Study Links ADHD in Children to Pesticides

A recent study conducted by the Harvard School of Public Health reportedly claims that children exposed to pesticides known as organophosphates could have a higher risk of attention-deficit hyperactivity disorder (ADHD), and urges parents to always wash produce thoroughly.

Pesticides’ breakdown products in children’s urine was tracked by researchers. Children found with high levels were almost twice as likely to develop ADHD as those with undetectable levels.

The results are based on data from the general U.S. population, meaning that pesticide exposure may be harmful at levels that are commonly found in children’s environment.

Organophosphates originally developed for chemical warfare

Originally, organophosphates were developed for chemical warfare and are known to be toxic to the human nervous system.

Harvard School of Public Health researchers wrote in the journal Pediatrics that there are about 40 organophosphate pesticides such as malathion registered in the U.S.

It’s not fully understood exactly how, but the compounds found in some pesticides have been linked to behavioral symptoms like impulsivity and attention problems that are common to ADHD.

The researchers had no way of determining the source of the breakdown products they found, but said the most likely culprits were pesticides and insecticides used indoors and on produce.

Produce should be thoroughly washed before being consumed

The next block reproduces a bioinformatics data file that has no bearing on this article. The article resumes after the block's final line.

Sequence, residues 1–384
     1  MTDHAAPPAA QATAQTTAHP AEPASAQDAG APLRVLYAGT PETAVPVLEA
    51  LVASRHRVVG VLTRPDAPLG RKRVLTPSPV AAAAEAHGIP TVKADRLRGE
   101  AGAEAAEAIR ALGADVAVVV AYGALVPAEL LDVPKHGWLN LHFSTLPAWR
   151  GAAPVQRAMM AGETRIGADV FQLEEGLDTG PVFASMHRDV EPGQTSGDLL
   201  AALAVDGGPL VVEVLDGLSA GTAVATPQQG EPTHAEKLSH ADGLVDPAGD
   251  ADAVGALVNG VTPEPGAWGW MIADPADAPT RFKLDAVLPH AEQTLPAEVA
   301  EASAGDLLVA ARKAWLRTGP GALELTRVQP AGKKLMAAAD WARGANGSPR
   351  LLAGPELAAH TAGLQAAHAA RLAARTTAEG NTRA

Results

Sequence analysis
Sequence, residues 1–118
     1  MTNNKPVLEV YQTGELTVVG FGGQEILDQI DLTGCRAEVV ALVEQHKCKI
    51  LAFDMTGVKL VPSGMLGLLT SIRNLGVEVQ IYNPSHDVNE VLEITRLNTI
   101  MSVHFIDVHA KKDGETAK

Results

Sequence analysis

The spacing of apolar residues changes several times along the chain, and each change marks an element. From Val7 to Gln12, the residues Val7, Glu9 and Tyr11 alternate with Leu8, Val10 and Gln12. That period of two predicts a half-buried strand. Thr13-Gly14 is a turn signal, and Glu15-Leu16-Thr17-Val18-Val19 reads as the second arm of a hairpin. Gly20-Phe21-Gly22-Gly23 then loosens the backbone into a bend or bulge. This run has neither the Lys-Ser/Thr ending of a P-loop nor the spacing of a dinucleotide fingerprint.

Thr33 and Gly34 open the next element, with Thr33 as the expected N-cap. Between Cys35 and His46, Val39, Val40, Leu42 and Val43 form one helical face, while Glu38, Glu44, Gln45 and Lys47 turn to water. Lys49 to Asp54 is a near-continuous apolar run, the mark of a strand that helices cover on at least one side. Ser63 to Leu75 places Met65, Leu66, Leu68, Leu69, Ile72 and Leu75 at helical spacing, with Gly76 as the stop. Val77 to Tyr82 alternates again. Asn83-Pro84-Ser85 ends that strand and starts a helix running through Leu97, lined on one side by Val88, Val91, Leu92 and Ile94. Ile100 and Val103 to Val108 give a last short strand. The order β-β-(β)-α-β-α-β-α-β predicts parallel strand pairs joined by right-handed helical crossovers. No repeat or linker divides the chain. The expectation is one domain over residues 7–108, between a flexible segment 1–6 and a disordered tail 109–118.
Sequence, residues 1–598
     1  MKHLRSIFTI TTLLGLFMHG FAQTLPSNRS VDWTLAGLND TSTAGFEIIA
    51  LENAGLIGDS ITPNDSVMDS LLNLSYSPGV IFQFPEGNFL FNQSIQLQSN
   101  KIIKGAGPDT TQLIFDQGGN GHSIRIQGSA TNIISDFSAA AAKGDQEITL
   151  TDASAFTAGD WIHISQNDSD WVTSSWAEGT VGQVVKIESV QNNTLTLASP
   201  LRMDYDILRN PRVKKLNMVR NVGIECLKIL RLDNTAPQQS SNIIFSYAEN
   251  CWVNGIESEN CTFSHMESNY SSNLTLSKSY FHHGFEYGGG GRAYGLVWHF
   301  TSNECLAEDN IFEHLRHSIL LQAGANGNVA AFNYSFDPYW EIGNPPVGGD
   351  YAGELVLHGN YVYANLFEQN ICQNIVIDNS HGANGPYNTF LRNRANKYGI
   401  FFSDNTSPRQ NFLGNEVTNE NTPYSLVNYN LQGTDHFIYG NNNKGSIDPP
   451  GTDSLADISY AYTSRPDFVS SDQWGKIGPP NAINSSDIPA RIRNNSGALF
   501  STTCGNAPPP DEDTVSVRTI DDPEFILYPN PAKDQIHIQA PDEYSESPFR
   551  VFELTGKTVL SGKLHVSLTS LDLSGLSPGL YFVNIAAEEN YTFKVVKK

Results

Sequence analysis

1,139 children between the ages of 8 and 15 years were sampled by the researchers. Interviews were conducted with the children’s mothers or caretakers. About 1 in 10 met the criteria for ADHD.

After accounting for factors such as gender, age and race, the researchers reportedly found the odds of having ADHD rose with the level of pesticide breakdown products.

The odds of ADHD increased by more than half for a 10-fold increase in one class of the compounds. For the most common breakdown products — called dimethyl triophosphate — the odds of ADHD almost doubled in kids with above-average levels compared to kids with no detectable levels.

More studies are needed, especially following exposure levels over time, before contemplating a ban on the pesticides, but researchers urged parents to be aware of what insecticides were being used around the house, and to thoroughly wash produce before it is consumed.

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